“God has already thrown rocks at my child…”

            Then you worship an immoral and cruel “God”, as far as I’m concerned. And moreover, it shouldn’t be any shock to you and those who believe like you why I wouldn’t “love” or “worship” such a being, even if I were thoroughly convinced that such being exists(which, of course,  I’m not)

            “[….]and it bothers me as long as I’m under the impression that I could possibly understand Her.”

            Ah, so inflicting pain onto children and young adults might be for a “good” reason, one that we might not be able to understand. I’m going to go out on a limb and say that this only applies when it’s “God” doing the ordering; when it’s “God” whom we don’t understand. If that’s the case, that would be an appeal to ignorance, and an appeal to authoritarianism.

          • http://lisadelay.com/blog Lisa Colon DeLay

            Um. right. you seem to be misunderstanding me, on all of my points…granted this venue is rather poor for the debate I think you hope to have. 

            I doubt I have the time or energy to clarify all this as well as encounter your over-emotionality. You obviously have been hurt by people who call themselves Christians, or something like that. This baggage makes it hard to have conversations that are constructive for both of us. It’s right out of the “playbook”…I used to spend plenty of time in philosophical interaction with atheists. It only works if there is mutual respect. I don’t get that sense of neutrality (or even bridled hostility) from you, so it seems we are wasting each other’s time. I don’t have a interest in changing your mind, but I wish you well. Peace and love. Sounds like you have it all figured out. Ciao.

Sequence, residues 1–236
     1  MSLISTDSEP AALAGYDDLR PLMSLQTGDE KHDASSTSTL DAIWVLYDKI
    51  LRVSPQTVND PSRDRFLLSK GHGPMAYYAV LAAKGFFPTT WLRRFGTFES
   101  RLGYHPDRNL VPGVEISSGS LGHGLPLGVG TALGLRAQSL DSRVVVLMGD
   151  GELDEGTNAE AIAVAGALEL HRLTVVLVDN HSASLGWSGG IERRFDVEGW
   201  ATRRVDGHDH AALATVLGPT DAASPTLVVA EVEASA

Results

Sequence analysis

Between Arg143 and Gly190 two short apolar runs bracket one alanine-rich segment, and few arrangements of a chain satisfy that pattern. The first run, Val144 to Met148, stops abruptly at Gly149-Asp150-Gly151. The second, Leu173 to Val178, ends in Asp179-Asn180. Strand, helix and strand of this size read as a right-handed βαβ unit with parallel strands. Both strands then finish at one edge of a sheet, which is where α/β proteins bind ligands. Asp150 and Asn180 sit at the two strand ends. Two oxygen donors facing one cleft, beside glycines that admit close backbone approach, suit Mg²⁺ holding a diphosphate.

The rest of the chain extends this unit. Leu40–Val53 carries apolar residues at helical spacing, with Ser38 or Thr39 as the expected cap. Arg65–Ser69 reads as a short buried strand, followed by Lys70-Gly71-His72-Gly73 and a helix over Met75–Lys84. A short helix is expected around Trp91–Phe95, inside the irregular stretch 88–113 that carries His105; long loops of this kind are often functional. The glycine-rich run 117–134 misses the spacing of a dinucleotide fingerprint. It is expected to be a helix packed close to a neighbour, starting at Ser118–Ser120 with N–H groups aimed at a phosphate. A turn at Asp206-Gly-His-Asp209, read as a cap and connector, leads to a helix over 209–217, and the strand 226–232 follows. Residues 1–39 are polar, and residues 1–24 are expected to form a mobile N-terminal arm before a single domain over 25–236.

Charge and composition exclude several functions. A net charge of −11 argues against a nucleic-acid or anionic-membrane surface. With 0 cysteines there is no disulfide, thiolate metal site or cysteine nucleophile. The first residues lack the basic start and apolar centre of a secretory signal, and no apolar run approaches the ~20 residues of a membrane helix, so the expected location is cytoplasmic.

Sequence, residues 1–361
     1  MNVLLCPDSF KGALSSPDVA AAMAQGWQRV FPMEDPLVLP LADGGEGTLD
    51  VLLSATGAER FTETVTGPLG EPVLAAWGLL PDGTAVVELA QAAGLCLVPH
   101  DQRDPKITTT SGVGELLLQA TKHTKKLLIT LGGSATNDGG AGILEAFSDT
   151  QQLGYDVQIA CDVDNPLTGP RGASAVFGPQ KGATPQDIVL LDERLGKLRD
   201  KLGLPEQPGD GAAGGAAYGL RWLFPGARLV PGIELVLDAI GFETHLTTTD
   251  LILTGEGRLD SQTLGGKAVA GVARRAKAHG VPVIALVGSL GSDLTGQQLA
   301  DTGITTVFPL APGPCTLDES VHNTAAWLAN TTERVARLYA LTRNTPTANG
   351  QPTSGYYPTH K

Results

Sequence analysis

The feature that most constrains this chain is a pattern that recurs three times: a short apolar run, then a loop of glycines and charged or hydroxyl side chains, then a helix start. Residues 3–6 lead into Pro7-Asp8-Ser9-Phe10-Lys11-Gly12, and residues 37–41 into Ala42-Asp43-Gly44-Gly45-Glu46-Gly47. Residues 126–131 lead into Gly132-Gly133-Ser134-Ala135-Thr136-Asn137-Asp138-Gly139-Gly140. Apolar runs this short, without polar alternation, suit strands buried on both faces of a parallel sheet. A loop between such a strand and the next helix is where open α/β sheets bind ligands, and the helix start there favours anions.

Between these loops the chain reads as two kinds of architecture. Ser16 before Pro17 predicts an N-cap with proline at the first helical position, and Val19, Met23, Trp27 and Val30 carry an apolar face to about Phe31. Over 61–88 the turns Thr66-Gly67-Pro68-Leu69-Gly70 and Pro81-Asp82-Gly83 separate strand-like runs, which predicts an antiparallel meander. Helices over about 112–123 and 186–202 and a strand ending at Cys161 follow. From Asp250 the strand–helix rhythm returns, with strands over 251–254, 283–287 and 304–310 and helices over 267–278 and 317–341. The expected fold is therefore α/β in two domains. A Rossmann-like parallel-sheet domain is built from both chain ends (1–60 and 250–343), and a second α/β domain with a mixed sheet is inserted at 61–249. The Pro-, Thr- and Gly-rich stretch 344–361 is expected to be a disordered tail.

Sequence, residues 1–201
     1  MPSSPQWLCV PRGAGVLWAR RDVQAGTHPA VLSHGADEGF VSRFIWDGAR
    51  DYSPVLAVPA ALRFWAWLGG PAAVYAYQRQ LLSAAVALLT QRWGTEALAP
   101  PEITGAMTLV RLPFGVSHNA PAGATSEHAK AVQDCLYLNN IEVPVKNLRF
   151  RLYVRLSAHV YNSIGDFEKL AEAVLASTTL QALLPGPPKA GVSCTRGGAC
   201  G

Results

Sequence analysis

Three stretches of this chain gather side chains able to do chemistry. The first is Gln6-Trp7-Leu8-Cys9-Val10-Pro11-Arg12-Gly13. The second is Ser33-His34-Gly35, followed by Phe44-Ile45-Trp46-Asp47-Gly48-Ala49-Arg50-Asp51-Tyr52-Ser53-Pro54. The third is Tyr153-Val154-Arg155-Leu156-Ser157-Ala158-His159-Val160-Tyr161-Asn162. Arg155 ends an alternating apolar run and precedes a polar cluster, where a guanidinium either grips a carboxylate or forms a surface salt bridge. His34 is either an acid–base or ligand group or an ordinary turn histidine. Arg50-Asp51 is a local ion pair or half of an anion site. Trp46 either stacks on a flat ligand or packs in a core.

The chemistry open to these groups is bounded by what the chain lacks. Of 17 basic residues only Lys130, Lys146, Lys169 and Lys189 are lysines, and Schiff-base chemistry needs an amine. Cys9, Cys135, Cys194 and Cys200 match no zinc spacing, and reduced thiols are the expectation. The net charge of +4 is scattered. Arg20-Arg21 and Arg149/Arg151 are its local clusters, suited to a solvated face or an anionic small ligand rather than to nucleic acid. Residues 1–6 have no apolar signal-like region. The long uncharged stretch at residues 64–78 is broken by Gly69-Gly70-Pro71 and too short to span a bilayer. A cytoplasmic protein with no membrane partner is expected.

• Anonymous

            Make all of the excuses you’d like. And if you feel that you’re being convincing,  feel free to add to the list of ad hominem arguments you’ve already presented in just two short paragraphs, above….e.g..”over-emotionality”, “baggage”, “have it all figured out”. Trust me, this is nothing new to me when attempting these conversations with believers. Oh, and no theist rebuttal would be complete without the,  “you’ve been hurt by people who call themselves Christians”, rigmarole. I’ve got news for you, Ma’am, every Christian calls themselves “a Christian”. There is no litmus test for determining who’s a “True Believer”, and who isn’t. Hence, part of the problem with theism and supposed “moral objectivists”. 

            As far as “respect”, I respect your right to believe whatever you wish. But make no mistake, I don’t necessarily respect those beliefs, themselves. If you believe in a “God” who can do what he/she wants…e.g..decree that bludgeoning kids with rocks is “good”, and if you believe that this “God” can do so by pure virtue of being “God”, fantastic. I by no means have it all figured out, but I know enough that I want no part of that “God”, even if it existed. Ciao.